Brody Prince George, BC
Having gone through 22 surgeries for her own severe cleft lip, Lisa had a sense of what lay ahead when her son Brody was born with bilateral cleft lip and palate, meaning he didn’t have any roof on his mouth.
This condition made both breast and bottle-feeding impossible. Brody would also take too much air into his stomach, so if his team of doctors and surgeons were able to get any food into him, he would immediately throw it up.
At three and a half weeks, Brody was rapidly losing weight. He was sent from his home community in Prince George, BC to Vancouver for specialized care. He was provided with an artificial palate which was suctioned to the top of his mouth, allowing him to eat for the first time in his life. However, this was only the beginning of a long journey. While treatment for cleft lip improved has tremendously since Lisa’s childhood, Brody would need several surgeries as well as follow-up appointments to monitor the reshaping of his face.
Reshaping meant that tape was pulled tightly across Brody’s face, and wires were placed between his mouth and nose to hold the facial structure and nasal implants in place. “The tape had to be redone three times a day,” Lisa says. “He looked pretty interesting.”
These techniques drastically reduced the number of surgeries that Brody would need, but it was a constant challenge to keep the tiny baby from ripping the tape and wires off his face. “I had to put gloves on him, but even then he could wedge his hand under and pull the entire thing off," Lisa says. "Wires and tape everywhere! And then I would have to redo the whole thing.”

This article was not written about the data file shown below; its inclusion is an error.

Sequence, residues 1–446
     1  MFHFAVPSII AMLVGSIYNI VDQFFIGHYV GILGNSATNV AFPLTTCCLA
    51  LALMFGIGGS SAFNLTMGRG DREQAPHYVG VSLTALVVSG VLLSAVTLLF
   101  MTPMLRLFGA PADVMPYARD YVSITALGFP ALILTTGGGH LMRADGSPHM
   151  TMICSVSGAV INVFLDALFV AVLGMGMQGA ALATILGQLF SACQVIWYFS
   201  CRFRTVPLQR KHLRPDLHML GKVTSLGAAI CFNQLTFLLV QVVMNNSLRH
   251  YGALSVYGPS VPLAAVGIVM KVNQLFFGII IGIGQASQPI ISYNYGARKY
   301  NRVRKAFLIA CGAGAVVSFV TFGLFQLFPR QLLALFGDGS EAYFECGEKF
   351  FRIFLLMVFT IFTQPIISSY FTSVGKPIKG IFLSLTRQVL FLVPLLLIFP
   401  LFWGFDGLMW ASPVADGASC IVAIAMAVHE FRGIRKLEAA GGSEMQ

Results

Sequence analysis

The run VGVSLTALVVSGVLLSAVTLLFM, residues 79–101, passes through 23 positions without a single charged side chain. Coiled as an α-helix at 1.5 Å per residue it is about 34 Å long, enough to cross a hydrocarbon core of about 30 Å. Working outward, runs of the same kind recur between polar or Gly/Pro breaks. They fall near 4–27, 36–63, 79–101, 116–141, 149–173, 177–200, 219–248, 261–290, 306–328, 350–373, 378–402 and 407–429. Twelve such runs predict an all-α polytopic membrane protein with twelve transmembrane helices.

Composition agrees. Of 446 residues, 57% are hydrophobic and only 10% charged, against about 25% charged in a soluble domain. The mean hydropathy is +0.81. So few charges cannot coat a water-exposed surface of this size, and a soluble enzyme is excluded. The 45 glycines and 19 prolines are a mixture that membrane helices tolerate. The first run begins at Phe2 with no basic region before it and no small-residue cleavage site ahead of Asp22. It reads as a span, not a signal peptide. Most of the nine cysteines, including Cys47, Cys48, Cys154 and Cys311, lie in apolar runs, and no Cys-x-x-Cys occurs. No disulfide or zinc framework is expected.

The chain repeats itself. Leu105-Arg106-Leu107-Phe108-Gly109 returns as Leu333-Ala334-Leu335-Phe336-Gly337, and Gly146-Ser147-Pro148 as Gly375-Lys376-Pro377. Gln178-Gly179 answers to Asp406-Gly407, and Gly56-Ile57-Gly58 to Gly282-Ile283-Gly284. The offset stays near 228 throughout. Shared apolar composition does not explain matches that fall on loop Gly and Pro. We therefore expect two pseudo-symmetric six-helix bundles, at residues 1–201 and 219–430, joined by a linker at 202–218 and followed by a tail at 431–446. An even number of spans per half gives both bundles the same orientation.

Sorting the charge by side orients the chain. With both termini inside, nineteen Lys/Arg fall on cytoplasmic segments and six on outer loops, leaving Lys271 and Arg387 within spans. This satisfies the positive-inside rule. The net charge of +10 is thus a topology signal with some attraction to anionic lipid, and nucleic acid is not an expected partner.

To keep the treatment on track, they would need to go to Vancouver – nearly 800 km away – every two weeks for several months. Brody needed constant monitoring because of the equipment on his face, which made driving to Vancouver impossible. Over time, his appointments would become less frequent, but he would still need specialized treatment for years. Going by bus would have been far too stressful for her and for other passengers. “Brody cried a lot,” Lisa says. “And people would stare at him because he looked so strange.”
With flying the only real option to get to Vancouver, the most worrying part for Lisa was the financial cost: as a single mom of two young children, she just couldn’t afford it. So it was an exciting day when she learned Hope Air would help get Brody to specialized medical support. “There’s no way he would have been able to see the doctor as often as he needed to without Hope Air,” Lisa says. “I don’t even know what I would do without it.” Over the years, Hope Air has been a faithful support, providing more than 20 flights.
Today, Brody is an active eight-year-old boy. He loves swimming and bike riding, and is looking forward to joining wrestling soon. He’s been through three surgeries already and he’ll need more as his face matures, but the days of tape and wires are a distant memory preserved only in Lisa’s scrapbook.
“It’s hard to express how grateful I am,” Lisa says. “Words don’t even describe how much of a huge blessing Hope Air has been.”